To confirm the lineage of IL-3-differentiated Ik−/− cells, we evaluated the expression of basophil markers8,40,41 at day 28 (Figures 3C-D). Consistent with a mast cell phenotype, wild-type c-kithi FcεRI+ cells are 2B4+, IL-3Rαlo, CD11b−, and Thy1.2− (Figure 3D, top panel). Ik−/− c-kit− FcεRI+ cells show the 2B4+, CD11b+, Thy1.2+, and IL-3Rαhi phenotype characteristic of basophils (Figure 3D, bottom panel). Ik−/− c-kit+ FcεRI+ cells exhibit an intermediate phenotype with reduced expression of 2B4, CD11b, Thy1.2, and IL-3R compared with wild-type cells (Figure 3D, middle panel). Fluorescence-activated cell sorted Ik−/− c-kit– FcεRI+ cells exhibit the hallmark bi-lobed nucleus of basophils (Figure 3E). As in IL-3 and SCF cultures, Cebpa expression predominates in Ik−/− IL-3 cultures and there is a corresponding reduction in Mitf, Stat5a, and Hes1 expression (Figure 3E). Thus, culture with IL-3 alone in the absence of Ikaros enhances basophil lineage development from bone marrow.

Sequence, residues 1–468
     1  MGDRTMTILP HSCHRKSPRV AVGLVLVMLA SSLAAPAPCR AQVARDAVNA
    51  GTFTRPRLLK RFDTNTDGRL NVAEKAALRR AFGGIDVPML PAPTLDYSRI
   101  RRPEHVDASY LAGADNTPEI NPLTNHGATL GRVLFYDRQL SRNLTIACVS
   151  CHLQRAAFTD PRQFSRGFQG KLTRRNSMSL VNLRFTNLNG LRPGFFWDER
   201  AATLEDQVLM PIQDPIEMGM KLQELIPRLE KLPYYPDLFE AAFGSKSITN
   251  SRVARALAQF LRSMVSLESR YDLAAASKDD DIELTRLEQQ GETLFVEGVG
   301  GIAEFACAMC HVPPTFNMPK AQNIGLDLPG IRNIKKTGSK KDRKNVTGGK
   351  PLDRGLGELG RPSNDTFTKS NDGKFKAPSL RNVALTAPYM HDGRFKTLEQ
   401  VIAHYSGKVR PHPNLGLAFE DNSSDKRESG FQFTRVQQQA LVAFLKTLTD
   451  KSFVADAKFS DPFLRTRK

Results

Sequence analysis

We also investigated the effects of Ikaros deficiency on the kinetics of mast cell and basophil lineage-determining gene expression under IL-3 culture conditions. There is an inducible and steady increase in the expression of Mitf, Stat5, and Hes1 in wild-type, but not Ik−/− cultures through week 6 (Figure 2G). Although Cebpa transcript levels are similar at the beginning of culture, expression declines in wild-type cultures correlating with the normal decline of basophil numbers. In contrast, robust induction of Cebpa is maintained in Ik−/− cultures over time, correlating with basophil persistence. Expression of Gata1, Gata2, and Pu1 is similar in both wild-type and Ik−/− cells at early time points, although some disparities are observed at later times (data not shown). Therefore, Ikaros acts early in response to IL-3 signals to induce expression of mast cell-specifying genes and suppress basophil-specifying genes.
Ik−/− mice exhibit basophilia in the absence of infection